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Sulfur-containing amino acids have various important roles: They mediate the transfer of methyl groups for virtually all transmethylation reactions; they provide reactive thiol groups that are needed for detoxification of endogenous and exogenous substances; they help maintain the intracellular redox potential; and they are a source of sulfate. More than 20 disorders of sulfur-containing amino acid metabolism have been described.

Severe hyperhomocysteinemia, defined when plasma total homocysteine (tHcy) concentration is above 100 μmol/L, is generally caused by single-enzyme deficiencies of homocysteine metabolism. When concentrations of free homocysteine exceed the plasma protein binding capacity, the disulfide homocysteine forms nonenzymatically and is excreted in urine, hence causing homocystinuria. The term homocystinuria is sometimes used to indicate the most common form of the disease, which is caused by defective activity of the enzyme cystathionine β-synthase (CBS). Homocystinuria, however, also results from defects in the folate- and cobalamin-dependent remethylation cycle (see Chapter 142), of which 5,10-methylenetetrahydrofolate reductase (MTHFR) deficiency and the cobalamin C defect are by far the most common. Severe nutritional deficiency of cobalamin or folate can also cause hyperhomocysteinemia and homocystinuria and should always be ruled out first.



The disturbance in metabolism resulting in homocystinuria is shown in Figure 133-1. CBS initiates the first step of homocysteine elimination. As a consequence of CBS deficiency, homocysteine, S-adenosylhomocysteine (SAH), S-adenosylmethionine (SAM), and methionine accumulate when methionine intake exceeds the residual transsulfuration and total remethylation activity. Moreover, high SAH inhibits many transmethylases, which increases accumulation of SAM and methionine. Increased homocysteine facilitates remethylation, which leads to further accumulation of methionine. The intermediate metabolites cystathionine and cysteine are decreased. The pathophysiology of CBS deficiency is not completely understood, but accumulation of homocysteine plays a major role in the development of vascular damage and thromboembolic complications. Classic tests of clotting function are normal, but elevated homocysteine causes increased platelet adhesiveness, damage to endothelial cells, and proliferation of smooth muscle and fibrous tissue within the vessel wall. Defective cross-linking of collagen fibrils contributes to the connective tissue dysplasia, and structural alterations of fibrillin structures in zonular fibers cause lens dislocation.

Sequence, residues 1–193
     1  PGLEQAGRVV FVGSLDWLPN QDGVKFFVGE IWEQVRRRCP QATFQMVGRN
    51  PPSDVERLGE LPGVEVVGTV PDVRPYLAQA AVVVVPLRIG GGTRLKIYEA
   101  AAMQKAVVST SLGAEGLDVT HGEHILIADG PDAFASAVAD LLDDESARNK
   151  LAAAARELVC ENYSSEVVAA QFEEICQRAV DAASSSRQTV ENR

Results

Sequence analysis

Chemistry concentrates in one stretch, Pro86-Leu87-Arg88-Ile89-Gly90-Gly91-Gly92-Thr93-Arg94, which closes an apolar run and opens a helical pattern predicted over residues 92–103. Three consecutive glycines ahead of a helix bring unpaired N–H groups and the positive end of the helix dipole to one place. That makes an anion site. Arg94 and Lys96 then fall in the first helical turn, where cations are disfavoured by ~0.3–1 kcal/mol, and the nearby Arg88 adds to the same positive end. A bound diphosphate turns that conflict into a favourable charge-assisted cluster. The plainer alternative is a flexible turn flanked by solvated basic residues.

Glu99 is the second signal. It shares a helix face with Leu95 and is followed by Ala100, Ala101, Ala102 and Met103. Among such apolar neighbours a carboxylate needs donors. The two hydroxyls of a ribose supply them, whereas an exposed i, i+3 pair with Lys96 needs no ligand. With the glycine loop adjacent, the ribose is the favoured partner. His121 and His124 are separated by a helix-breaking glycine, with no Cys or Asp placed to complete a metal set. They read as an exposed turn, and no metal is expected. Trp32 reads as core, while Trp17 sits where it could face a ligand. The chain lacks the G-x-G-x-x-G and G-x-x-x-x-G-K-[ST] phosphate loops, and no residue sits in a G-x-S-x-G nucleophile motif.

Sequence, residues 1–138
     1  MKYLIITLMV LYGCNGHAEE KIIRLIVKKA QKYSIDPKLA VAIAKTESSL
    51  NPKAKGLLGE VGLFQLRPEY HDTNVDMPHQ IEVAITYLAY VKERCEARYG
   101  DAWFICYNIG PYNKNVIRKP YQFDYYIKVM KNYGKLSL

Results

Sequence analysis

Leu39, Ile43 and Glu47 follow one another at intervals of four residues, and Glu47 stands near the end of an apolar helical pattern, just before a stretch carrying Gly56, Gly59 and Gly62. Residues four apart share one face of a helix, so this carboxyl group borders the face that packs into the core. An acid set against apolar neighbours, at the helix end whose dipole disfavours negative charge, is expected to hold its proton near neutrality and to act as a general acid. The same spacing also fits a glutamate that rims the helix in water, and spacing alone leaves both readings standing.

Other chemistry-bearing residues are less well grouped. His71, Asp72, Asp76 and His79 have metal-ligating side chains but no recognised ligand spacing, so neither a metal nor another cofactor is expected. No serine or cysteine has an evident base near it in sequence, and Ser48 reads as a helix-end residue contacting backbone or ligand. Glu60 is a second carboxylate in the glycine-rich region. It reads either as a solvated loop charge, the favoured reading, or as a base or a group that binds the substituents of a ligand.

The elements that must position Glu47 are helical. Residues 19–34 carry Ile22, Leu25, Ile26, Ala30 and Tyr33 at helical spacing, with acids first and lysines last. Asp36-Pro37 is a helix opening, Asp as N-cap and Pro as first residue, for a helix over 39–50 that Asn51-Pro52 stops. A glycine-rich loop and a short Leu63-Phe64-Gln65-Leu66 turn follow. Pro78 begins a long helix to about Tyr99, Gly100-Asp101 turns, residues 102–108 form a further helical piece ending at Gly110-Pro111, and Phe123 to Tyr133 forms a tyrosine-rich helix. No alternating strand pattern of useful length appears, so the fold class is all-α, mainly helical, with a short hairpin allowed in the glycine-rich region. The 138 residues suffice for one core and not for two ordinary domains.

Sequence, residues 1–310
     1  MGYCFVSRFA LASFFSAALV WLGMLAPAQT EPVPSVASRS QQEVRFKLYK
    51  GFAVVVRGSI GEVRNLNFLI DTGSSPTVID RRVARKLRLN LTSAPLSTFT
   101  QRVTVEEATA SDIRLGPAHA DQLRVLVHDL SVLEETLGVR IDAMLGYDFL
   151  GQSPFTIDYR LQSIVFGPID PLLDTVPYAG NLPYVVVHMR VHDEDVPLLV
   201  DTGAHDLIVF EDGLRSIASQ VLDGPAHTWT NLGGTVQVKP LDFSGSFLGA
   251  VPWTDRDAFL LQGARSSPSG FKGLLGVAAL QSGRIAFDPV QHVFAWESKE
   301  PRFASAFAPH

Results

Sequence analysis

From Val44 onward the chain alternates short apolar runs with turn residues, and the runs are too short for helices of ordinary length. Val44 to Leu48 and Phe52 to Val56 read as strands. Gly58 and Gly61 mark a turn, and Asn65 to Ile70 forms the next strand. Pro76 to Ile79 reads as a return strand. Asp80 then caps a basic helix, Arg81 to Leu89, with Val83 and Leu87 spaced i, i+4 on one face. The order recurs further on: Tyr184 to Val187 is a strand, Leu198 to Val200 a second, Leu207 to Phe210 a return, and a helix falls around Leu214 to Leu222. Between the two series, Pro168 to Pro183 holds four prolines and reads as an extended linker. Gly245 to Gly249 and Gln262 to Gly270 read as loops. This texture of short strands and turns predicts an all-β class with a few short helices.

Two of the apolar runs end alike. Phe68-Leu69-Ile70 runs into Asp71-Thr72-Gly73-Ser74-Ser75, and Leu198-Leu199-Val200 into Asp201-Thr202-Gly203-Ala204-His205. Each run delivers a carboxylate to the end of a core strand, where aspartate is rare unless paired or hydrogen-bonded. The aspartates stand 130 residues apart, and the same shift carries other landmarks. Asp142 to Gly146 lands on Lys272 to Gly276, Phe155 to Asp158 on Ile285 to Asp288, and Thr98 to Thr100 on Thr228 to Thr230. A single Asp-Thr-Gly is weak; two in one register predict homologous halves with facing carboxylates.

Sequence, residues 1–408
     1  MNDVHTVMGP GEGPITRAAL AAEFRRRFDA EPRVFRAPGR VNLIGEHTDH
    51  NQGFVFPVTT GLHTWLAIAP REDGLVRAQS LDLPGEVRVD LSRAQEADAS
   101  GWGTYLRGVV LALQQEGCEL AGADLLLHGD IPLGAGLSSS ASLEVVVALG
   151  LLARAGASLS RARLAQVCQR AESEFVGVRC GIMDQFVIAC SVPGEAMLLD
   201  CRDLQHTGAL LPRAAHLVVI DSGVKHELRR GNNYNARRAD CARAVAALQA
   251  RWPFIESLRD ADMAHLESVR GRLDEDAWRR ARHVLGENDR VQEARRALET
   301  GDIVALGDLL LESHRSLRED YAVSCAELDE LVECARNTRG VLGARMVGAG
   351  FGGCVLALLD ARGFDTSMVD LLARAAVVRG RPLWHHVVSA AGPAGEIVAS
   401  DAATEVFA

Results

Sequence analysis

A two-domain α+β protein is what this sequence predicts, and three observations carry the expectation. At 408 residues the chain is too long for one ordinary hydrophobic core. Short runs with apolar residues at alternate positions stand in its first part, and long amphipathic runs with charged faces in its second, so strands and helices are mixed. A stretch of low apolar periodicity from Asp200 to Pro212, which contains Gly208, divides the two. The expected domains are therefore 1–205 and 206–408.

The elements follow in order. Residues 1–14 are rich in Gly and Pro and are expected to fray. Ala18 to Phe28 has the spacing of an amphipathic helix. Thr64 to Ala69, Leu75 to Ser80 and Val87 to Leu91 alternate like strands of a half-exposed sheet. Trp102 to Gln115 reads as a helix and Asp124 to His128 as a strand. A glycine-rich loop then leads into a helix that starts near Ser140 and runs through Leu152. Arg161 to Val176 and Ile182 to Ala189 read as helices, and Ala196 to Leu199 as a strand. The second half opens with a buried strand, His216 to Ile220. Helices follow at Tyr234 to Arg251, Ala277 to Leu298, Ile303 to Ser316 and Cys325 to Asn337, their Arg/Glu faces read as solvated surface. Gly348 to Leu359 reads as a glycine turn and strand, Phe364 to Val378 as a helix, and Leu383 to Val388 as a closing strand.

Figure 133-1

Pathways of sulfur amino acids and methyl group metabolism in man. Methionine adenosyltransferase (MAT) activates methionine to S-adenosylmethionine (SAM), the universal methyl group donor for numerous methylation reactions. These “transmethylation” reactions yield a methylated product and demethylated S-adenosylhomocysteine (SAH), which is readily hydrolyzed to homocysteine by SAH-hydrolase (SAHH). Excessive homocysteine is removed by condensation with serine, catalyzed by cystathionine beta synthase (CBS), an enzyme requiring pyridoxal phosphate (vitamin B6) as cofactor. Cystathionine is catabolized to cysteine by cystathionase (CTH), another B6-dependent enzyme, and eventually to sulfite. Highly reactive sulfite is oxidized to sulfate by sulfite oxidase (SOX). Cysteine is a precursor for the synthesis of glutathione via gamma-glutamylcysteine synthetase (gGCS) and glutathione synthetase (GSS). ...

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